It was supposed to be my moment of glory – my crowning achievement as a novice biking enthusiast. I’d trained for it – spent many, many hours biking all over the city and into the country. I’d bought a new bike for it – a beautiful Miele Italian racing bike. I was ready for it. More than ready. I was pumped.
It was called the Tin Man Triathlon (I suppose the name is a take-off of the Iron Man). In 1988, I had signed up with a couple of friends to enter the relay – one of them would do the swimming leg, the other would run, and I would ride my bike for 40 grueling kilometres. I was rather pleased to be the only woman on the team. I was in better shape than I’d ever been before, and this was supposed to be the moment I’d redeem myself – I could be an athlete after all! I could hardly wait to put my beautiful bike, and my finely tuned biking legs to the test.
The race was slated for Saturday. On Thursday night, my world turned upside down.
It was nearing morning when the man entered my apartment. Probably around 4:30 a.m. The apartment was hot, as it always was that summer. I’d slept with the windows open – it was the only way I COULD sleep. When I woke up, there he was, standing over my bed with a pair of scissors clenched in his raised hand. In the split second it took me to focus my eyes and register what was going on, I knew that this man had climbed through my open window and was here to hurt me.
He was there for nearly 2 hours. Part of that time is a blur. Most of it, I try not to conjure up in my mind. I don’t want to remember the way his fingers felt on my naked body. I don’t want to relive the terror of approaching death when he tried to choke the breath out of me, angry that I wasn’t more willing to satisfy his sexual deviance. I don’t want to see flashbacks of the naked woman tattooed on his dirty arm. I don’t want to bring back the smell of him – old alcohol, body odour, and solvent. I don’t want to see his ugly naked lust.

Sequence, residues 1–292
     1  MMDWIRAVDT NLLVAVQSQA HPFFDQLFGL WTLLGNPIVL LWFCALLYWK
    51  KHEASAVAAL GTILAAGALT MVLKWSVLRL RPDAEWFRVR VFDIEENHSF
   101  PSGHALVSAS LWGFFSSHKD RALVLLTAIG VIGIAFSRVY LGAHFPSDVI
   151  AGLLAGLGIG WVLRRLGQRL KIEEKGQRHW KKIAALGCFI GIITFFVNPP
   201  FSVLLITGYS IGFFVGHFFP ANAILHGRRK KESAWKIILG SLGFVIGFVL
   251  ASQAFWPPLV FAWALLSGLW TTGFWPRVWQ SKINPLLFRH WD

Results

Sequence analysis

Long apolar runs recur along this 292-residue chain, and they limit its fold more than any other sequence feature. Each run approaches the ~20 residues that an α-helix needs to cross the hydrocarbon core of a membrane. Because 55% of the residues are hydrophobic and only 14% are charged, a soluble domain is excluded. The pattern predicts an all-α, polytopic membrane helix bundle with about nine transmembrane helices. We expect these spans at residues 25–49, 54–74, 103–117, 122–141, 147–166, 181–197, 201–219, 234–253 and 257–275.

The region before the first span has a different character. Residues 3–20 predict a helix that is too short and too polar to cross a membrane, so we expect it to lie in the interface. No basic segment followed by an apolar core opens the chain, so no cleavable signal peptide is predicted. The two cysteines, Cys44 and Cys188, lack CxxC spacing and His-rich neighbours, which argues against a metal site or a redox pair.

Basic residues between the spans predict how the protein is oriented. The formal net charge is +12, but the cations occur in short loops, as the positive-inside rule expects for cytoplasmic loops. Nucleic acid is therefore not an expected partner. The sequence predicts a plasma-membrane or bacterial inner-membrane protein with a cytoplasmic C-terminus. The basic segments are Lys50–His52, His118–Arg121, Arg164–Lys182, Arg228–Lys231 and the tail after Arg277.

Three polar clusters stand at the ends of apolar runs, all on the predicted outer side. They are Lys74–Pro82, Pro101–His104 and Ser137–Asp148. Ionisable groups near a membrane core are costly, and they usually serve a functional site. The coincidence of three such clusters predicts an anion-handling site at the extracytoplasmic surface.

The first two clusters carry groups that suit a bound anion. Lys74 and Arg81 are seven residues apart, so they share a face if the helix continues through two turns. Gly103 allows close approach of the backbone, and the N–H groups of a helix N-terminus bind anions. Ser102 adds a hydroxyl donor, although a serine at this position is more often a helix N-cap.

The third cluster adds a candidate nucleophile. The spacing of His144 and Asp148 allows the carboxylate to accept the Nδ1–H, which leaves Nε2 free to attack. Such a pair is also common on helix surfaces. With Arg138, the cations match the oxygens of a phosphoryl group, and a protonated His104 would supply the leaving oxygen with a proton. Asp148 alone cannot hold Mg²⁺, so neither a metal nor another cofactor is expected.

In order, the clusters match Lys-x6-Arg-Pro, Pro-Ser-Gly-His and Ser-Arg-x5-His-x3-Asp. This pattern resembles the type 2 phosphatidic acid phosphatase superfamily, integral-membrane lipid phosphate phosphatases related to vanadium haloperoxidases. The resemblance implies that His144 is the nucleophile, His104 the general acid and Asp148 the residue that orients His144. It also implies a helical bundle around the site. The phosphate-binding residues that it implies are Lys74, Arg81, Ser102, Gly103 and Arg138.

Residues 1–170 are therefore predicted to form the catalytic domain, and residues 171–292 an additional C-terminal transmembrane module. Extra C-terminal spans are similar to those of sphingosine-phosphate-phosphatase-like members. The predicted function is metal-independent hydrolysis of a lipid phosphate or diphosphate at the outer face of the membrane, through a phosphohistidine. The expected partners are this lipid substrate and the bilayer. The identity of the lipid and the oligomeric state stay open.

Somehow, I convinced him to leave, after he’d taken all he could from me, and left a shell of who I was before. Somehow, I found the strength to get dressed and run the half-block to my friend’s house. Somehow, I survived the hospital visit, the doctor’s examination, the clipping of my pubic hair for evidence, the police investigation, the months of anger and hatred.
Somehow I survived all that, but I didn’t survive the bike race. I tried. I drove out to the town where it was being held, with full intention of triumphing over what had happened, and racing anyway. But as I drove, I knew I couldn’t do it. My neck muscles stung with the memory of his hands. Every time I closed my eyes, my mind raced back to jagged dark memories of him. My hands shook on the steering wheel of the car. I knew I couldn’t hold a bike upright for 40 kilometres.
Why do I write about this now, 17 years later? This week, as I shopped for a new bike, I remembered the anticipation I felt the last time I bought a shiny new bike. I remember the excitement I felt preparing for the race. I remember the feel of the leather biking gloves on my hands.
That man took a lot from me in those two hours. Though it took me a long time to recover, I’ve gotten to a point where I hardly ever think about it anymore. But this week, as I look forward to my first new bike in 17 years, I find myself angry that, along with everything else, he took my chance to race in the triathlon.
Perhaps, when I get my new bike, I’ll sign up for another one.